UPn 06/21 0549 Dawn breaks quietly at Stonehenge By KARIN DAVIES LONDON (UPI) -- The first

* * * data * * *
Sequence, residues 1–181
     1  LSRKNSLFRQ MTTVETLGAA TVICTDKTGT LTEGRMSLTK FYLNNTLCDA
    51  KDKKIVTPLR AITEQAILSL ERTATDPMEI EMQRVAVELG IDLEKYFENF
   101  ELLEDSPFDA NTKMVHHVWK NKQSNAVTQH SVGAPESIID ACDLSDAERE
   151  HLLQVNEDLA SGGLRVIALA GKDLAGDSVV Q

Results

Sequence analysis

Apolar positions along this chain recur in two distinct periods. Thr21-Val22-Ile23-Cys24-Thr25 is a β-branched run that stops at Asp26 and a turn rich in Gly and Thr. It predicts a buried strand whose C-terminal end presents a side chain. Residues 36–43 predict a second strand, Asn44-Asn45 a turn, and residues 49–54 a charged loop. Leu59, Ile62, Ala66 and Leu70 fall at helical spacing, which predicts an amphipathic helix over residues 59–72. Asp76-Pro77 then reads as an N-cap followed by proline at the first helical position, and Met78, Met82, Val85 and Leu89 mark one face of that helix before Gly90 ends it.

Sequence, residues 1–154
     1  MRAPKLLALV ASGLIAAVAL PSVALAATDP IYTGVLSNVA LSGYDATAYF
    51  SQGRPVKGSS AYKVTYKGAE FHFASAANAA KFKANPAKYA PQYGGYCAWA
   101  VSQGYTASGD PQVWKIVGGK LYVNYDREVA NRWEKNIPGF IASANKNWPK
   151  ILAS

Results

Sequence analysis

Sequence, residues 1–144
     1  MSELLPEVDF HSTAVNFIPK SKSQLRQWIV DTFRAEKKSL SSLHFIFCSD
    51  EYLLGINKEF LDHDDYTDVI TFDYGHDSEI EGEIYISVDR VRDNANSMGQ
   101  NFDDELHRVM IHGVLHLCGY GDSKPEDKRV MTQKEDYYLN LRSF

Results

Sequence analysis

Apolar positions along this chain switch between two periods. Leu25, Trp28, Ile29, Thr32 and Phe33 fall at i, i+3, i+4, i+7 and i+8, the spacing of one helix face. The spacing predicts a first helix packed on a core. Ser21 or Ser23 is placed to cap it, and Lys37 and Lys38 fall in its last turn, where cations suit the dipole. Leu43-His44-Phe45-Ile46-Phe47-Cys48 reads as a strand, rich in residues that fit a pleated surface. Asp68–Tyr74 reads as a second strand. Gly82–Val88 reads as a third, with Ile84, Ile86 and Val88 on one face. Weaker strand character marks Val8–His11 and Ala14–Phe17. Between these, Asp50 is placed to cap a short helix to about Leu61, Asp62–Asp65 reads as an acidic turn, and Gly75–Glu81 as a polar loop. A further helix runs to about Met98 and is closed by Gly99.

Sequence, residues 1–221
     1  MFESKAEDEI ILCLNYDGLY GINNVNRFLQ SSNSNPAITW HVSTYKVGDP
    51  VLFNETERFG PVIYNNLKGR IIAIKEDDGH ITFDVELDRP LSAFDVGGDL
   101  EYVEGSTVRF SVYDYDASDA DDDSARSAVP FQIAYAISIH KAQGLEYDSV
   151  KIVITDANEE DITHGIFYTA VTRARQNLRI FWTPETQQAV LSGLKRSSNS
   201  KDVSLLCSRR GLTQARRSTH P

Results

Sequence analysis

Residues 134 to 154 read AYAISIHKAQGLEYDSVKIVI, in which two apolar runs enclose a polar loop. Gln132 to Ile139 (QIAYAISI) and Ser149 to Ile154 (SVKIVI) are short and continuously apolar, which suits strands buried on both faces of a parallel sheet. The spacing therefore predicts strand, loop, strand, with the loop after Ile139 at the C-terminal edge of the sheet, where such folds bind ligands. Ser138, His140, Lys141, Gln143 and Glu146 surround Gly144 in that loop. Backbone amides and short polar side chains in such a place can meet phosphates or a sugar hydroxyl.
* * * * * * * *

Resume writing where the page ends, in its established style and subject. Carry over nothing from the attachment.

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UPn 06/21 0549 Dawn breaks quietly at Stonehenge By KARIN DAVIES LONDON (UPI) -- The first day of summer broke quietly at Stonehenge Thursday, ending several years of confrontration between sun worshipers, nomads and the police who have barred them from reaching the ancient stones in an annual rite. The 200 people who breached the 4-mile exclusion zone surrounding the circle of stones on the Salisbury Plain, 80 miles southwest of London, were outnumbered by 800 police, said Wiltshire Police Inspector John Mason. Twenty-six people were arrested, 20 for violating an order closing the Stone Age relic through Sunday, five for drug offenses and one for stealing an automobile, he said. "We're very pleased that not all that many travelers showed up compared with previous years," Mason said. English Heritage, responsible for protecting Britain's antiquities, said it was anxious to open discussions with police and the public to consider reopening the monument for summer solstice in future years. As on each cloudless morning of June 21, the first rays of the dawn of the longest day of the year were framed by the main arch at Stonehenge. Druids once conducted a solstice ceremony within the circle and some people believe the event is magical. Millions have flocked to the site over the decades. Police were enforcing a Wiltshire Council order that prohibits processions within a 4-mile radius of Stonehenge through June 24. The edict was issued for a second year to protect the monument and prevent a repeat of violence that occurred two years ago when 5,000 people came to the site. About 1,000 people hurling rocks, iron bars and bottles clashed with police at Stonehenge in 1988, turning the mystical dawn rite into a riot under the floodlights of a police helicopter that ended with 115 arrests. Last year, 261 people hoping to reach the ancient monument were arrested 2 miles away. About 800 police from 12 forces were deployed. Local landowners also obtained injunctions to prevent people from camping on their land. Most travelers this year said they decided to avoid the risk of approaching Stonehenge and instead would head to the Glastonbury festival, 40 miles away. The Musicians Network issued a flier advertising a "birthday suit party" Thursday, and urging readers to "do the Stonehenge streak."


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